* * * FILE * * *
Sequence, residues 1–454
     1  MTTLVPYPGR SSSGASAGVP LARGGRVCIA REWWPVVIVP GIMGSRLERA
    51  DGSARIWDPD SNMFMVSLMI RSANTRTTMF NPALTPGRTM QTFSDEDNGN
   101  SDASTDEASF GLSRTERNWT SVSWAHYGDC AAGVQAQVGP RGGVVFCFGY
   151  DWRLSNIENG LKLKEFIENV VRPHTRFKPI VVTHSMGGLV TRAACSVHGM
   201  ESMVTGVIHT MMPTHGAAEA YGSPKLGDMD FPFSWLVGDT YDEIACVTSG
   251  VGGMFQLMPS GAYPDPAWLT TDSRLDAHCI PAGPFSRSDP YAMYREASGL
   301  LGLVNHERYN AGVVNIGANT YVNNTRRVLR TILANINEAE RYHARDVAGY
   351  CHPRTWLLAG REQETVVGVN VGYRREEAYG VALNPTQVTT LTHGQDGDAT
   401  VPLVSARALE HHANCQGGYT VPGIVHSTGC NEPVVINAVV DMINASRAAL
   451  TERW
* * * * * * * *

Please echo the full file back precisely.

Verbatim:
Sequence, residues 1–454
     1  MTTLVPYPGR SSSGASAGVP LARGGRVCIA REWWPVVIVP GIMGSRLERA
    51  DGSARIWDPD SNMFMVSLMI RSANTRTTMF NPALTPGRTM QTFSDEDNGN
   101  SDASTDEASF GLSRTERNWT SVSWAHYGDC AAGVQAQVGP RGGVVFCFGY
   151  DWRLSNIENG LKLKEFIENV VRPHTRFKPI VVTHSMGGLV TRAACSVHGM
   201  ESMVTGVIHT MMPTHGAAEA YGSPKLGDMD FPFSWLVGDT YDEIACVTSG
   251  VGGMFQLMPS GAYPDPAWLT TDSRLDAHCI PAGPFSRSDP YAMYREASGL
   301  LGLVNHERYN AGVVNIGANT YVNNTRRVLR TILANINEAE RYHARDVAGY
   351  CHPRTWLLAG REQETVVGVN VGYRREEAYG VALNPTQVTT LTHGQDGDAT
   401  VPLVSARALE HHANCQGGYT VPGIVHSTGC NEPVVINAVV DMINASRAAL
   451  TERW